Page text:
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Lance Loud! A Death in An American Family
Hepatitis C & HIV
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Two percent of all Americans carry the Hepatitis C virus. Most don't know they're infected.
Lance's room at the Carl Bean Hospice
On December 22, 2001, at age 50, Lance Loud died of liver failure caused by a hepatitis C and HIV co-infection. He hoped that his death would raise awareness of these diseases.

Hepatitis C — a liver disease caused by the hepatitis C virus (HCV) — is spread through blood-to-blood contact with an infected person. As with HIV, the immune system is usually unable to fight off HCV, and like HIV, HCV appears to be able to mutate to avoid the immune response.

The Centers for Disease Control estimates that injection drug use accounts for 60 percent of all new cases of hepatitis C and sexual transmission accounts for another 15 percent. Other ways HCV can be spread include blood transfusions (before 1992), or exposure to blood from tattooing with unclean needles, or sharing personal items such as razors and toothbrushes that might have blood on them. The virus can also be passed from a mother to her unborn child.

About one million people are living with HIV in the United States, but an estimated 3.9 million people — two percent of the population — carry the hepatitis C virus. Alarmingly, few of these carriers even know they're infected. However the number of new infections each year has declined from an average of 240,000 in the 1980s to about 25,000 in 2001.

Fifteen percent of infected people have a strong enough immune response to clear the virus spontaneously within a few months of infection, but eighty percent of those exposed to HCV develop chronic hepatitis C. One in five people who are chronically infected develop liver cirrhosis (scarring of the liver) which can lead to liver failure and liver cancer.

Public awareness about hepatitis C has been poor largely because there are often no symptoms when a person is first infected with HCV. With chronic infection, HCV incubates slowly and may not manifest itself for up to 20 years, or until serious liver damage occurs. It is not known why the disease progresses more quickly in some patients than in others, however if a person is aware that they are infected liver disease progression can be monitored by performing a biopsy every 3-5 years.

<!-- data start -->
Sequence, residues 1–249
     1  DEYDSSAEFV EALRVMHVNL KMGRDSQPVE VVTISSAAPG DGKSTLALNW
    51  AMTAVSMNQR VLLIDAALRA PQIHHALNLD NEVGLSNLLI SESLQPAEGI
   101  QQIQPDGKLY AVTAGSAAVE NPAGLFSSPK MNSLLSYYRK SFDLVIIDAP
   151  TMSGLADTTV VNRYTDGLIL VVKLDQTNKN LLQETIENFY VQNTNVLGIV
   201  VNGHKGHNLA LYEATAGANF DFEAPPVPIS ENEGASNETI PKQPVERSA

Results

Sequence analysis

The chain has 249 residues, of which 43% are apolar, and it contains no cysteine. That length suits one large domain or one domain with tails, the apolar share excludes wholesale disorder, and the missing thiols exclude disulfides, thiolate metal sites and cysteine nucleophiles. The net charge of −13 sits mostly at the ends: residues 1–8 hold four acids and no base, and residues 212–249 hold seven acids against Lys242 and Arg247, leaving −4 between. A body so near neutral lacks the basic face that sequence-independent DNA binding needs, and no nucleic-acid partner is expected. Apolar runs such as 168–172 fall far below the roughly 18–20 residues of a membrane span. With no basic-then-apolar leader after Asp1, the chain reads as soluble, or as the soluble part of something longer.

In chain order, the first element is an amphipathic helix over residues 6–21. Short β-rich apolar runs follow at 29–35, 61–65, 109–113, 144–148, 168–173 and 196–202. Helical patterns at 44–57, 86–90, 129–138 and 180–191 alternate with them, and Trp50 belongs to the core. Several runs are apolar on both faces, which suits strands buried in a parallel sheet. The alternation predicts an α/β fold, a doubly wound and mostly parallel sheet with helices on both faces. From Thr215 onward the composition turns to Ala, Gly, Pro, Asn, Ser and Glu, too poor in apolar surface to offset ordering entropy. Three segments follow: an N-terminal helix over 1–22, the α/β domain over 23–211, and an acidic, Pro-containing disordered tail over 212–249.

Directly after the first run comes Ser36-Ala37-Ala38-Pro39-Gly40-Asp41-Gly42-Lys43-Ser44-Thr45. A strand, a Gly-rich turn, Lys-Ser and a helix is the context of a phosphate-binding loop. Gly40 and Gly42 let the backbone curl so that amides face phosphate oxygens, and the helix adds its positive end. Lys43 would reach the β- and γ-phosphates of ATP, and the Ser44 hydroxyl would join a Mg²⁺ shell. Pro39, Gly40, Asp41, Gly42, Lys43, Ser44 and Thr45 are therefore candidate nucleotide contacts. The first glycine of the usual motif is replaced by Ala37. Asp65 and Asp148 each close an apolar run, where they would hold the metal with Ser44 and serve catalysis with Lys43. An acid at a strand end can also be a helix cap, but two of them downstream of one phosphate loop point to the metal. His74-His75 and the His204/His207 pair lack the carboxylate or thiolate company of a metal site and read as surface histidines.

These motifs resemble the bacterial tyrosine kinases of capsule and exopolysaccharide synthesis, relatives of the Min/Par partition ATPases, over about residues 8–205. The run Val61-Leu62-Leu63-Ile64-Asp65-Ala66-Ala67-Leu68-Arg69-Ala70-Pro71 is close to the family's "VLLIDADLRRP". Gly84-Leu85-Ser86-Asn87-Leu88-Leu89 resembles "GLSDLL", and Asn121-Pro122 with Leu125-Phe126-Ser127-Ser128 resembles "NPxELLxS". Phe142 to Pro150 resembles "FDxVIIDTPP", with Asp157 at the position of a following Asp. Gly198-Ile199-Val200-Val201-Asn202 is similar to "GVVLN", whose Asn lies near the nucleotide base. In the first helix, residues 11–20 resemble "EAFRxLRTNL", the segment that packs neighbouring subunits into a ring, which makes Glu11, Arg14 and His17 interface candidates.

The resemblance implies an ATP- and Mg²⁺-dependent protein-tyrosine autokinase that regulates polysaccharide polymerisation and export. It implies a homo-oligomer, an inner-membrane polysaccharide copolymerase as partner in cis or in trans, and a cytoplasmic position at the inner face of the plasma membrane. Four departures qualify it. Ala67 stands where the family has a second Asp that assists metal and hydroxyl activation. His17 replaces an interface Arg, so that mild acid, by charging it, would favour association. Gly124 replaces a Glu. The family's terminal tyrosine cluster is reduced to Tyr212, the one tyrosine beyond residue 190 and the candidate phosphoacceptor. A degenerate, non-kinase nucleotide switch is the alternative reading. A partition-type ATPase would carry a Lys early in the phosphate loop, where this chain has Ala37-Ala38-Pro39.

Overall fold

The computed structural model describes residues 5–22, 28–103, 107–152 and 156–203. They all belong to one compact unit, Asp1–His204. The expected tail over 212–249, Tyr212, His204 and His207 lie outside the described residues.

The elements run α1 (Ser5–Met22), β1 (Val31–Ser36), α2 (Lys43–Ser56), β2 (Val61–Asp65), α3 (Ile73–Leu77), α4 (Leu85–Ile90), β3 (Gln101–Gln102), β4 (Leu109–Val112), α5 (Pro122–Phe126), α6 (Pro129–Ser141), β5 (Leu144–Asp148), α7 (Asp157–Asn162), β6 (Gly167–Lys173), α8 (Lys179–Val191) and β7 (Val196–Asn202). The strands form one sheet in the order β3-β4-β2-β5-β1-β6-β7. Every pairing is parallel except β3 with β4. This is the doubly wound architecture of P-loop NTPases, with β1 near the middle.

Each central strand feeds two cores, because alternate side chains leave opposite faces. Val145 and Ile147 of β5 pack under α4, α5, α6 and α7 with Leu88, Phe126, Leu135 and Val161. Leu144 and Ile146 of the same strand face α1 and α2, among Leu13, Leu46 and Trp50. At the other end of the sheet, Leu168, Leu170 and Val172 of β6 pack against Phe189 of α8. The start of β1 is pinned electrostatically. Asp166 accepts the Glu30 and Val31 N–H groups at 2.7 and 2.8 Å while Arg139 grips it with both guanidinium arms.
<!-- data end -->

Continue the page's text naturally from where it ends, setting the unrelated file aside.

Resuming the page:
HIV/Hepatitis C Coinfection
Infection with both HIV and the HCV is known as coinfection. The Centers for Disease Control estimates that one-third of people living with HIV are coinfected with HCV. The most recent U.S. Public Health Service/Infectious Diseases Society of America guidelines recommend that all persons infected with HIV should be screened for HCV as well. Because HCV is transmitted primarily by direct skin-puncture exposures to contaminated blood, coinfection with HIV and HCV is most common among HIV-infected injection drug users. Eighty percent of HCV infections occur with the first year of IV drug use.

Though HIV has become a chronic manageable disease for many people, liver disease is an increasing danger for individuals coinfected with both viruses. HIV appears to accelerate the progression of hepatitis C, and HCV-related liver failure can develop even if the patient's HIV is under control.


Sources: "Hepatitis C," Newsweek, April 22, 2002; "An Examination of HCV and Co-Existing Medial Conditions," WebMD.com; "Hepatitis C and Hepatitis C-HIV Co-Infection Handbook, Version III," AIDS Treatment Advocacy Project, prepared by Jules Levin, March 2002.
 

Lance Loud! A Death in An American Family is a presentation of WETA and ITVS, and was made possible by the Corporation for Public Broadcasting and the Public Broadcasting Service.

Copyright © 2002 WETA. All Rights Reserved.